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Spaceflight in 2017, part 1: Earth-centric edition

Posted by Jason Davis

29-12-2016 6:04 CST

Topics: mission status

Welcome to the first half of The Planetary Society's look-ahead at the coming year in spaceflight! I'll be talking about Earth-centric highlights today, and Emily will post about robotic solar system missions tomorrow. 

But before we get started, I have to note Emily gets the honor of talking about what would be at the top of my list if I were writing both parts of this series. Let's check Twitter to see if it's still happening:

Yep, Cassini's 12-year stint at Saturn is still scheduled to end in 2017. And while that's a bummer—Jupiter will be the only outer planet left with a robotic probe—I can't wait to see what Saturn's rings look like from the inside facing out, after Cassini dives closer to the planet than ever before.

Anyway, on to 2017 space news that I'll be watching in my reporting domain.

International Space Station

There are five ISS crew expeditions scheduled for 2017, consisting of 16 astronauts from four space agencies. Seven crew members will be from Roscosmos, six come from NASA, two from ESA and one from JAXA. Russia recently announced they were lowering their crew complement from three to two; that change goes into effect in March. This, combined with the loss of a Progress cargo ship, and uncertainty surrounding SpaceX's return-to-flight plans, makes the ISS schedule a bit fluid.

I compiled the Expeditions chart below from multiple sources; things seem to get fuzzy in the second half of the year and I had to estimate a little.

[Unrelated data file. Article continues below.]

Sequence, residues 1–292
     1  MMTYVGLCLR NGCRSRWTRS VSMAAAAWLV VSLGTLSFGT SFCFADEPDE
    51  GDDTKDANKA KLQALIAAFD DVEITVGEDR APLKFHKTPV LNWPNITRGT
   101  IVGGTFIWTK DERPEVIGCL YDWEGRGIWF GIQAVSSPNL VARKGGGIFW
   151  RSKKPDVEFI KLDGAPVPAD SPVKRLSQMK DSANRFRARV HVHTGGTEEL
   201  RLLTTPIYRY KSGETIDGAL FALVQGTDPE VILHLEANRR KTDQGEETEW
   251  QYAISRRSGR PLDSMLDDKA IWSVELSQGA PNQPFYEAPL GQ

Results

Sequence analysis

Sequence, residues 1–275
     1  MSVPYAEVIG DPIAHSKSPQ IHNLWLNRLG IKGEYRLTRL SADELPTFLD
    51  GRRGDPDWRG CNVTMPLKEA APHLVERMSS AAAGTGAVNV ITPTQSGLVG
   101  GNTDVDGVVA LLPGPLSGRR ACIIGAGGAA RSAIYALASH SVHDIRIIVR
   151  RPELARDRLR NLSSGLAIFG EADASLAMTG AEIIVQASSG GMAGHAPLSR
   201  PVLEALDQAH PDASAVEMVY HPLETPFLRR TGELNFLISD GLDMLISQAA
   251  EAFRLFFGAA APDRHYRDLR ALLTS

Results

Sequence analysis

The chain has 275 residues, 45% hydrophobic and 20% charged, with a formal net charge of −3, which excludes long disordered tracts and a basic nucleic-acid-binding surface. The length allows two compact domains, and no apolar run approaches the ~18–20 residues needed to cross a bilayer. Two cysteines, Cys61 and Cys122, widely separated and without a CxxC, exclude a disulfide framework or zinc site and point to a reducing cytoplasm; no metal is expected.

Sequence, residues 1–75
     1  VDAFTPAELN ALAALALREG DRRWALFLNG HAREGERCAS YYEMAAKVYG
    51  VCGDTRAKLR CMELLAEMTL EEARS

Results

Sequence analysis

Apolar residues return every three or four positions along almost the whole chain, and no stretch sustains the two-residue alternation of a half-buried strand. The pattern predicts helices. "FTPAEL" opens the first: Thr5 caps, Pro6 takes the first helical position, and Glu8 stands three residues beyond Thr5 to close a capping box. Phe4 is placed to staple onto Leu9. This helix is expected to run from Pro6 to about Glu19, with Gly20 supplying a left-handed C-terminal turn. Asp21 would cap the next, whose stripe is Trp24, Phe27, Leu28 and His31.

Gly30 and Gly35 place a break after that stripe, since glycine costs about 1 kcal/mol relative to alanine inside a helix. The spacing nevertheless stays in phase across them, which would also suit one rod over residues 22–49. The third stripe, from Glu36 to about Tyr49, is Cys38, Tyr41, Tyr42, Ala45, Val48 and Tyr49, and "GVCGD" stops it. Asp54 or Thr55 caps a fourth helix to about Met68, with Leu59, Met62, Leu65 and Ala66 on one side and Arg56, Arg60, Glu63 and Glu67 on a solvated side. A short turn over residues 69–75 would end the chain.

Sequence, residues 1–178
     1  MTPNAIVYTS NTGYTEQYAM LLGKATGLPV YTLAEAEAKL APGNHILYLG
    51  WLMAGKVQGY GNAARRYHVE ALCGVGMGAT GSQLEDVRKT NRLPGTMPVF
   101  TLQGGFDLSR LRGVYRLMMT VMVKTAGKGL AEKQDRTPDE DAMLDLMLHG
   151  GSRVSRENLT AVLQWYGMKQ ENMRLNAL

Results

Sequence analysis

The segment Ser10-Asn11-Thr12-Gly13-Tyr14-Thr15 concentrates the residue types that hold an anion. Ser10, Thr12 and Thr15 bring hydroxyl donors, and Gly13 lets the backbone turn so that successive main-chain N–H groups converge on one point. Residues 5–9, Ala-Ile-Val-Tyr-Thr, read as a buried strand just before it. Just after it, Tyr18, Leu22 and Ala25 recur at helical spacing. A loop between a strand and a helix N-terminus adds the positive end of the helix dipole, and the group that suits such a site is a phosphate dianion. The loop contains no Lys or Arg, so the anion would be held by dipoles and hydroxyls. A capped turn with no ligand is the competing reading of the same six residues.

ISS Expeditions in 2017 (estimated)

Jason Davis / The Planetary Society

ISS Expeditions in 2017 (estimated)
The ISS crew rotation schedule for 2017, compiled from multiple sources. Where sources diverge, estimates are used.

I also compiled a fresh Twitter list of all the astronauts who will be in space during 2017. All NASA, ESA and JAXA astronauts are accounted for, but none of the cosmonauts seem to be on Twitter. 

LightSail 2 and SpaceX

LightSail 2 and its partner spacecraft, Prox-1, have a spot reserved on the second flight of SpaceX's Falcon Heavy, which will be carrying the STP-2 payload for the U.S. Air Force. The Heavy won't debut until at least the middle of the year, after the Falcon 9 gets up and running again, and our most optimistic launch date for LightSail is Fall 2017. 

We'll soon be integrating LightSail 2 into Prox-1 at the Air Force Research Laboratory in Albequerque, New Mexico. It should be a lot of fun watching the two SmallSats come together for the first time.

While we're on the subject of SpaceX, the latest NASA commercial crew schedule shows the company's new Crew Dragon going on its first uncrewed test flight this year. SpaceX and Boeing crewed flights have slipped to 2018, but we still might get to see the enhanced Dragon in action.

Falcon Heavy interstage

SpaceX

Falcon Heavy interstage
A SpaceX Falcon Heavy interstage is prepared at the company's rocket factory.

International space news

India is aiming to debut its new GSLV Mark III rocket in January. The Mark III had a successful test flight in 2014, and now it's almost ready for regular service. India refers to the Mark III as a heavy class rocket, though by worldwide standards, it's still pretty light-lift: 8 metric tons to low-Earth orbit.